Arts & Style

Vogue Paris stands up for LGBT rights with model

With her piercing aqua eyes complementing the gold-tinted metallic Yves Saint Laurent gown, Valentina Sampaio poses defiantly for her close-up, dominating Vogue Paris’s March cover. It is stunning, bold and reveals the most audacious side of Vogue Paris yet, presenting its first-ever cover with a transgender model. Below the sea of purple light surrounding Sampaio, the cover reads “Transgender beauty: How it’s shaking up the world,” a cover line which makes the action even more groundbreaking.

In this one page, Vogue Paris completely deconstructs decades-old standards of beauty and advocates for an underrepresented yet powerful group of people. Sampaio is not the first transgender femme-fatale to be featured on the front cover of a magazine. Actress Laverne Cox from the Netflix original Orange is the New Black, appeared on the cover of Time magazine in June 2014. Caitlyn Jenner, former Olympic champion, debuted her transition on the cover of Vanity Fair in 2015.

Emmanuelle Alt, the editor-in-chief of Vogue Paris and the decision-maker behind this issue’s cover girl, wrote an editorial letter accompanying the bold cover which shatters social norms and praises Sampaio. Alt describes her reasoning behind the choice of this model as not merely because of her striking looks or shining personality, but because Sampaio “embodies an age-old arduous struggle to be recognized and not to be perceived as Other, a gender exile.” Alt’s motive is to normalize transgender models as any other model who happens to be strutting the runway. She strives to create a world in which it is not necessary to mention that someone is transgender.

Vogue Paris could not have picked a more optimal time to release this daring edition, as March is the month in which the world celebrates both International Women’s Day on March 8 and International Day of Transgender Visibility on March 31, a day dedicated to commending the transgender community as well as raising awareness for the discrimination faced by them.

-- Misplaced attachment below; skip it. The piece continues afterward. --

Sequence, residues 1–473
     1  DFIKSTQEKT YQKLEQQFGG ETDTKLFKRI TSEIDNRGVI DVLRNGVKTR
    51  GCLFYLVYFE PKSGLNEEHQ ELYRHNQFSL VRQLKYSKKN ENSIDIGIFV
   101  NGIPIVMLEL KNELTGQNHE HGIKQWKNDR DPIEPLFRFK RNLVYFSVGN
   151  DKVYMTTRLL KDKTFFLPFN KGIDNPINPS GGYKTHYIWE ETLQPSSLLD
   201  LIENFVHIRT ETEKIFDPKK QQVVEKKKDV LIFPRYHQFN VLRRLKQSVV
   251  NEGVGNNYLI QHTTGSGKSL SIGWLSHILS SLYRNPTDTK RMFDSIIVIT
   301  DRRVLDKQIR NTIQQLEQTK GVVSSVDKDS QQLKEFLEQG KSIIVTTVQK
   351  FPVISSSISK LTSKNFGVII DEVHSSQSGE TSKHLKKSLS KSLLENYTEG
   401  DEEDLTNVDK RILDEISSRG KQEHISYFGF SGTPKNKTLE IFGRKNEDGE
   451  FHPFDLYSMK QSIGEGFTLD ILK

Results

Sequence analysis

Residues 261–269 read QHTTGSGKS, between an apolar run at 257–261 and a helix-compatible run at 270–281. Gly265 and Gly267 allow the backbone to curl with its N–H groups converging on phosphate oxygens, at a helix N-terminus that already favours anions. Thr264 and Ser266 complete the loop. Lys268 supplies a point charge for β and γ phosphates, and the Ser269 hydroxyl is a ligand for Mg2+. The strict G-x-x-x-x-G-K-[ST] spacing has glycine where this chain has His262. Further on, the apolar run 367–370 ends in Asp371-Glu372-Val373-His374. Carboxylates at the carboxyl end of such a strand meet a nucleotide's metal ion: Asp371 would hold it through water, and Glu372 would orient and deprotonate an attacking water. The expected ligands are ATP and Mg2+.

On a less festive note, the world witnessed the Trump administration’s reversal of a protected transgender policy by disallowing transgender students from using the restroom in public schools with which gender they identify. These events display the current sentiments toward the transgender community in both the fashion industry and society, a wave of acceptance and a wave of rejection.

As symbols of relentless strength and challengers of conformity, transgender people have continued the fight that many activists started long ago: to spread a message of love, recognition and visibility of people of all kind. The fashion industry is paving a bright path for a hopeful future with choices like these.

Nevertheless, the fight is not officially over; Alt points out that “only when a transgendered person poses on the front cover of a fashion magazine and it is no longer necessary to write an editorial on the subject will we know that the battle is won.”

March 21, 2017

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